It almost led you into Kris's back as they stood still, looking eye level.
"?" You made some guttural sound in the back of your throat, asking them what was up. Kris paused, spotting it, tugging on your sleeve as you turned to where they drew their gaze upon.
A quilted blanket, thick and heavy and large, monster sized. The design of stars had been stitched onto its dark, blue background.
He's going to school for Astronomy, Kris had said once, you two stepping in front of the folded affair, a price-tag having been attached to it. You nodded. It certainly was a picture of the night sky, you imagined when it was all laid out.
Stars… That's all that there was to the Dark World, you remembered, looking up and seeing not the sky, but the star filled sky of a blackness beyond your imagination.
Wordlessly, Kris reached out, holding their hand to the sheets, balling their hands onto it as if holding onto something slipping from their grasp. They stepped forward, floating, almost like a ghost as for a moment they had dipped their head, their face down into the sheets laying into it. For a moment you knew; they were remembering their brother.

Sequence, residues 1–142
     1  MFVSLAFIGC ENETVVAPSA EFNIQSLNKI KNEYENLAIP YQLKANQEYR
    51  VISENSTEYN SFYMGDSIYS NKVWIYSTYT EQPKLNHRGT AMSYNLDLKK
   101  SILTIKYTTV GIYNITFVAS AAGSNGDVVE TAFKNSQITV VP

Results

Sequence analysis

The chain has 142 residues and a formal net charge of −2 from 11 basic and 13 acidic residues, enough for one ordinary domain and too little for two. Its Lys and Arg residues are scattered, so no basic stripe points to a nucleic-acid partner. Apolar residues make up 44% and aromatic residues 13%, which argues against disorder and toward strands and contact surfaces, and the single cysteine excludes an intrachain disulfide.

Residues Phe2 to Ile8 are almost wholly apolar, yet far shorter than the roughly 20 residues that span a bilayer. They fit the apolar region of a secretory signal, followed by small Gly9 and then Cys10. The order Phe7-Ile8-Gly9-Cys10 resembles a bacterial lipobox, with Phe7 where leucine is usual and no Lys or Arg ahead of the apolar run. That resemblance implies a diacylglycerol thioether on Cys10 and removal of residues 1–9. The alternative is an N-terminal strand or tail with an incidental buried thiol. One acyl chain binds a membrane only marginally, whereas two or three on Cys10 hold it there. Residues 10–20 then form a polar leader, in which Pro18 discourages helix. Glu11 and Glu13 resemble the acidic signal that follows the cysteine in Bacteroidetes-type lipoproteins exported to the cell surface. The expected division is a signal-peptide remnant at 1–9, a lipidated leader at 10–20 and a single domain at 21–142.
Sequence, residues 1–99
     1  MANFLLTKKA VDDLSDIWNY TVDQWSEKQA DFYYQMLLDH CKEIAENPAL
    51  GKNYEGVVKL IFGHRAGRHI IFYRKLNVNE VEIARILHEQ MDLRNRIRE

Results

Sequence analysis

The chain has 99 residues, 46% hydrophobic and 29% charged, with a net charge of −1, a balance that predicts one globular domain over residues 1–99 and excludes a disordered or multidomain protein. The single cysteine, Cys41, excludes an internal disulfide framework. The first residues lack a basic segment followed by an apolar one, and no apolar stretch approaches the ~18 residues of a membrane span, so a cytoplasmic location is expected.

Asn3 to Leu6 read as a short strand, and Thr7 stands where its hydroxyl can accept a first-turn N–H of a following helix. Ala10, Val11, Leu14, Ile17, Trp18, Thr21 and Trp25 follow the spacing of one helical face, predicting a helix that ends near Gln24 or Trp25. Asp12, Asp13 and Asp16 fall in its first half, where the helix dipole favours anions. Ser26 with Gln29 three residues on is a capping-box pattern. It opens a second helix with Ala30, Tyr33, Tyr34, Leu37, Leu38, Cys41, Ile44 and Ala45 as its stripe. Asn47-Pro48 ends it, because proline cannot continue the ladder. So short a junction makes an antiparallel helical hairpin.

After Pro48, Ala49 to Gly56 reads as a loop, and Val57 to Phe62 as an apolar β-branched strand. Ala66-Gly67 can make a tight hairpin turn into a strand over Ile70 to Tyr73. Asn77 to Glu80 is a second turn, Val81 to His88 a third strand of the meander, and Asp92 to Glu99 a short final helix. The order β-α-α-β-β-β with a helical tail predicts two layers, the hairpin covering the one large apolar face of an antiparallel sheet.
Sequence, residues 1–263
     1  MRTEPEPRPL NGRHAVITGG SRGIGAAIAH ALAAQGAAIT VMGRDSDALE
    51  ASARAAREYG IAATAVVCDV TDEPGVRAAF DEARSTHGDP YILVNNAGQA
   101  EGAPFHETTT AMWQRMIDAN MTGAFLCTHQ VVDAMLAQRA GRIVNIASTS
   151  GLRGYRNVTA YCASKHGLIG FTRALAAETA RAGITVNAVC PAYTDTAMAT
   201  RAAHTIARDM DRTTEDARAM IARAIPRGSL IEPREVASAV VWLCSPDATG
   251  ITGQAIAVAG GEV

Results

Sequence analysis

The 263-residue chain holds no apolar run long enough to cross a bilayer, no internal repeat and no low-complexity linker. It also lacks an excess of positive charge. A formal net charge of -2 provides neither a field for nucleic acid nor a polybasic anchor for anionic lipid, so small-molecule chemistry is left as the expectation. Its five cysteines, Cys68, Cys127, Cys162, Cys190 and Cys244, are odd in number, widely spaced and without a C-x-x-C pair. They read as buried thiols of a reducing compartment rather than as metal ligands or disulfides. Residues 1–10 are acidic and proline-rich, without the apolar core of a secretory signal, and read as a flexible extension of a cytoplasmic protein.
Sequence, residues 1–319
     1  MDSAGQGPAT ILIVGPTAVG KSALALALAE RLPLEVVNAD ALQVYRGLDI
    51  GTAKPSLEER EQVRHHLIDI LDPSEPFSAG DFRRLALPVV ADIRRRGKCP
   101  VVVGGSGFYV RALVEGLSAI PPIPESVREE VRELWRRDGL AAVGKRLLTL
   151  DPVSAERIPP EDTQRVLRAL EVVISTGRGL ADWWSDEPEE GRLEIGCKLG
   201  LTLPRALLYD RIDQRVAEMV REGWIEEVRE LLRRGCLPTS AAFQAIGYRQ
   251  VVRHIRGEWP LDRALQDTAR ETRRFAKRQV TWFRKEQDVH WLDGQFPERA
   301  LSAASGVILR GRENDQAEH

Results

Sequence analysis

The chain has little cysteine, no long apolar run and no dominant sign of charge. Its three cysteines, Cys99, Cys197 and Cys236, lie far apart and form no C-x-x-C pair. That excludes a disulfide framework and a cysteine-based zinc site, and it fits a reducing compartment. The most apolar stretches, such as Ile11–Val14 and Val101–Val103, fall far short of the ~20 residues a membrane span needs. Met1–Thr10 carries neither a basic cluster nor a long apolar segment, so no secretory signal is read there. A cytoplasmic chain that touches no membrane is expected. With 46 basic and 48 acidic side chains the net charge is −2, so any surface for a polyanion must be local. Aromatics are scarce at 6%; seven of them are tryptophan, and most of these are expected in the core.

Of all the things you knew of Kris; the definite facts of their being and life and person, one stood out above all: They loved Asriel.
They missed their brother.
It's good, they said first, half muffled by the sheet and then not, lifting their face from it, the memory scent of a childhood imprinted.
"Good what?" One of your hands had landed on the sheets as if feeling for what Kris saw, subconsciously.
They turned to you, a smile on their face you had never seen before, shown to you, for you.
They were happy that you, of all people, were getting his sheets. It meant they remained with someone who mattered to them.
They smell like apples: Kris. A smell of something sharp, and sweet. Fruit you really didn't get enough of these days. It was a nice smell, one that had kept resonating from them like the scent of an animal. This was their nature. You craved it.
Moments, seconds, hours, days, years. You couldn't tell the difference as you two stood there, hands too close, but maybe too far away, the feeling blurred as Kris's smile faded and their eyes were wide, trying to process what they had said themself. Their hand had twitched on the sheets and you held your breath, but nothing came of it, not as they jerked away and looked away, taking a step back.
You had gathered the sheets up, throwing the roll of it over your shoulder, Kris looking at the left-behinds of growing up.
They had been staring over your shoulder.
"You alright, dude?" You let out.